It's cool and all that you have 126.96.36.199/24 and 188.8.131.52/24 routing in your router but you also want to let the rest of your network know about them. So lets take RIP as an interior gateway protocol as it is similar to BGP in many ways.
With RIP, every router has an ID assigned between 1 and 255, the reason why RIP isn't suitable on large networks. With this ID, they tell all of the other routers what IP blocks they can route packets to.
Now, every other router(99) knows that any packets destined to 184.108.40.206 are destined to router id 1 because it is inside the 220.127.116.11/24 netblock that router 1 was announcing over RIP. RIP is also vulnerable to downgrade attacks or at least some implementations are. You can even make it send you the ripv1 2 way hash in some cases.
Every router cannot be connected to every other router because that would mean that every router would have 99 connections. Other reasons include physical connections and cost. Instead, you just lay fibre to a few buildings from each building. So that when you announce a route via RIP, it only goes to the directly attached routers.
Router 1 is telling other routers on the network to route packets destined to 18.104.22.168/24 to it since it is connected to only 5 networks directly. It only announces that route to thos networks. Then those networks let the networks they are attached to know that it knows to send packets to 22.214.171.124/24 to router id 1.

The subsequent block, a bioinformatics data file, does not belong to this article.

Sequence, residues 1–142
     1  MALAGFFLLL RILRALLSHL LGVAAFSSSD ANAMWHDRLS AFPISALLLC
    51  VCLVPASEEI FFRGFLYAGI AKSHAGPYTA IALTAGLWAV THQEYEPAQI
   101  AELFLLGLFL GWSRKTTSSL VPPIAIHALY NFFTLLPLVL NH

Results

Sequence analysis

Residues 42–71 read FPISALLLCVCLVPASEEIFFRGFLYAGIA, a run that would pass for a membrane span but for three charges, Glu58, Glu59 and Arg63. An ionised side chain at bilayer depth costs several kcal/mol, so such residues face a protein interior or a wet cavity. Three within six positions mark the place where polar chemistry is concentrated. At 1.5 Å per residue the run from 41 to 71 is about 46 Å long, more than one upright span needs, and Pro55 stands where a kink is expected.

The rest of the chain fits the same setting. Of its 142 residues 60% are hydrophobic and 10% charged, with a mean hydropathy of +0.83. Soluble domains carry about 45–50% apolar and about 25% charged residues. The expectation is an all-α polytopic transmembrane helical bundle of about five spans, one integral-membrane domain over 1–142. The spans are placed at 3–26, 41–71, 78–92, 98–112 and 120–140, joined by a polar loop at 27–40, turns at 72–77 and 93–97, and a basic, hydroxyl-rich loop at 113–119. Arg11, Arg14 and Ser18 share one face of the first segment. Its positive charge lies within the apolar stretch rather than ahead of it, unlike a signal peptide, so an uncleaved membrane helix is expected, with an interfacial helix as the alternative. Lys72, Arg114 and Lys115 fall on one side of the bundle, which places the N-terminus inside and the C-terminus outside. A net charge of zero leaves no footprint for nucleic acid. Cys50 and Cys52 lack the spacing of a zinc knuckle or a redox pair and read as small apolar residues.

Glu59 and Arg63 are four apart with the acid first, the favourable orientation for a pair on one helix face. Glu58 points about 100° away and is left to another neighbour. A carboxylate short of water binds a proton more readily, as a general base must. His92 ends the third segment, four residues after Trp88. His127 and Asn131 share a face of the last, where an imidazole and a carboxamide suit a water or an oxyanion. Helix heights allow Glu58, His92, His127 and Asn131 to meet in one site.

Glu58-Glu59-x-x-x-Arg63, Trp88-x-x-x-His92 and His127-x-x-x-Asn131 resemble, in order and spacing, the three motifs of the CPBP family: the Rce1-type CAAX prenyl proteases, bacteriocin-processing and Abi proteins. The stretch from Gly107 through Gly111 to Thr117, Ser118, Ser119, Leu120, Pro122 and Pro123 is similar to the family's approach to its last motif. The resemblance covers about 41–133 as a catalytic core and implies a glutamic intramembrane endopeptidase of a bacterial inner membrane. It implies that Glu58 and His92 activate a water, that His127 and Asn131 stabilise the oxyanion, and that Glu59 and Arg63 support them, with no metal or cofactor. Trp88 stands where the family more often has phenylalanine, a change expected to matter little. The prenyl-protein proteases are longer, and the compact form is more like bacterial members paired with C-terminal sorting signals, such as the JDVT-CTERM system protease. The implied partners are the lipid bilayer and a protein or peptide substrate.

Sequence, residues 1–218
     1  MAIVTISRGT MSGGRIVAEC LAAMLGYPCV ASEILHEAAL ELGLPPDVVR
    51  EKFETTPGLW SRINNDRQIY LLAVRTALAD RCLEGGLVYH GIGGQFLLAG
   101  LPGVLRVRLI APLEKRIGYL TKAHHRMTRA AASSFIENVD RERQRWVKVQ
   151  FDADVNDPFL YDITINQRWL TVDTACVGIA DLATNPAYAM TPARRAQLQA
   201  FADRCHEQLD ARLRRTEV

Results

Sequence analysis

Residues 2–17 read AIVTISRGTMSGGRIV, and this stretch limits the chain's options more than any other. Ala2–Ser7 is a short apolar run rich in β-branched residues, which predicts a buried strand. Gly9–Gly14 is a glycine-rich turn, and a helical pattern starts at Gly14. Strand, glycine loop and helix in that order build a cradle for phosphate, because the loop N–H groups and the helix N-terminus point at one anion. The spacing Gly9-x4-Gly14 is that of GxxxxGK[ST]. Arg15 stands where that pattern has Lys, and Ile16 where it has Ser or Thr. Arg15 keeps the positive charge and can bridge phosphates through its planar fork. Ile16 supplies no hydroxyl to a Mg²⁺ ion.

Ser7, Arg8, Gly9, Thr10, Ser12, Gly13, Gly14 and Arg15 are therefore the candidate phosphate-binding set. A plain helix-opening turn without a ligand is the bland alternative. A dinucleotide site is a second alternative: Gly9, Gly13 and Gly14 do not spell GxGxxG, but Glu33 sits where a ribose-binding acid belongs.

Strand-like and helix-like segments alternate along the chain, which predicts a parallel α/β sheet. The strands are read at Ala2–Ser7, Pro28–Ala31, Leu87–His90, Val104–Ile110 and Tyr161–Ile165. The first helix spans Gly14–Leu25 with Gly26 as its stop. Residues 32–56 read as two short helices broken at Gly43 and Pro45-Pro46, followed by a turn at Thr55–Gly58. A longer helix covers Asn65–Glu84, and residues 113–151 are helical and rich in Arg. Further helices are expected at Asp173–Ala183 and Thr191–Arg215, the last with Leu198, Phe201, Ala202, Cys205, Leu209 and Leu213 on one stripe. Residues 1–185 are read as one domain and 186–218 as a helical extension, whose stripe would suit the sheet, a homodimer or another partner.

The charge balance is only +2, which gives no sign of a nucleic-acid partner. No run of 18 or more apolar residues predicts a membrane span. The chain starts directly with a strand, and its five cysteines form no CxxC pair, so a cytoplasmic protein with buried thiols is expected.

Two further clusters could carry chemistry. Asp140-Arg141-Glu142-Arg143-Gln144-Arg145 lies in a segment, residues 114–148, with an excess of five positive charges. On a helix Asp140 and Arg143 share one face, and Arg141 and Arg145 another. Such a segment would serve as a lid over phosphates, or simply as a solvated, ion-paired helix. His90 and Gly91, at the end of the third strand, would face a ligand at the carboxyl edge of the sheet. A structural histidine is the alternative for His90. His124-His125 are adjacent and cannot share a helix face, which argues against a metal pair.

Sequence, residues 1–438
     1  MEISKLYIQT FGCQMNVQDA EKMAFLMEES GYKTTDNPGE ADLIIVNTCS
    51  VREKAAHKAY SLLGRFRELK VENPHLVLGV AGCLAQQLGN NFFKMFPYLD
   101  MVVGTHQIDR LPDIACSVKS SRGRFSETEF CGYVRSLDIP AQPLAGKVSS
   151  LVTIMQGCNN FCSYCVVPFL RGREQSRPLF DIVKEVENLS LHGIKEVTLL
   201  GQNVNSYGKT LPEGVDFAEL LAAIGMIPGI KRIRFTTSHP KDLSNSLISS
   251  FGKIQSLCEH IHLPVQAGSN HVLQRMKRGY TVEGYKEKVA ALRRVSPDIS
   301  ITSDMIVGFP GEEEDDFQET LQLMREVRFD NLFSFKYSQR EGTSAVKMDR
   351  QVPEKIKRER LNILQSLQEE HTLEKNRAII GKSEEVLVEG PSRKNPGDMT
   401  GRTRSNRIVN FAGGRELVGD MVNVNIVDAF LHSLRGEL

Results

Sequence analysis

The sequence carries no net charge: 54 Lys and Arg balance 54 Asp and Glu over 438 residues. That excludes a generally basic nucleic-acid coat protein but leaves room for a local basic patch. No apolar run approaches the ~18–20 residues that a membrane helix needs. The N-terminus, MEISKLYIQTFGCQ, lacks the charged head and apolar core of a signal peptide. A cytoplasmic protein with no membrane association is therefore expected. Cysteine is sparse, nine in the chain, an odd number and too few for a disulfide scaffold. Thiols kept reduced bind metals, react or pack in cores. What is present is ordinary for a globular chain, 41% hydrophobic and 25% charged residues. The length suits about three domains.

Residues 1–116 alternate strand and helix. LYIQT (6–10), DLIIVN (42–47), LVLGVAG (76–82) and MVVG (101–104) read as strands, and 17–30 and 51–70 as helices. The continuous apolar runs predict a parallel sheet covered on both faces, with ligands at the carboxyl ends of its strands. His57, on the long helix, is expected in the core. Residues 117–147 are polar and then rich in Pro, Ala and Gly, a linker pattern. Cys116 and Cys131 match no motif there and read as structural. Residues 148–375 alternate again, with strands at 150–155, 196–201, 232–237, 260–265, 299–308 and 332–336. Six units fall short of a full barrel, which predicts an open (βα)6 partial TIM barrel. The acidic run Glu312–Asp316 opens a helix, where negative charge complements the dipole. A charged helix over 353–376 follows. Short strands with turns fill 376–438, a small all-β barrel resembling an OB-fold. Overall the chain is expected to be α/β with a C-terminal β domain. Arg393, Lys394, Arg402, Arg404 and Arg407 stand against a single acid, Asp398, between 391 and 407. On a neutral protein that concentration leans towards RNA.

Every router looks at every packets ip, and looks for it on it's routing table. So lets say router 99 is connected to router 5, and router 5 is connected to router 1. Router 99 owns 126.96.36.199/24, router 5 owns 188.8.131.52/24 and router 1 owns 184.108.40.206/24.
The ip address 220.127.116.11, which is in 18.104.22.168/24 which belongs to router 99, makes a request to 22.214.171.124. The router checks it's routing table and sees that it cannot route the packet internally within the router so it checks to see if it can route it using an IGP.
It sees that 126.96.36.199/24 is announced from router 5 because router 5 sees that router 1 is announcing it. Router 5 then checks its local routing tables, sees that it cannot locally route it, and then sends it it to router 1 because router 1 is direecty connected to router 5.
RIP (Routing Information Protocol) is a micro routing protocol. RIP routes packets between individual router in a group, while BGP routes packets between all of the different groups of routers on the internet. It can be configured to redistribute the routes in it's RIP table to the BGP table and vice versa.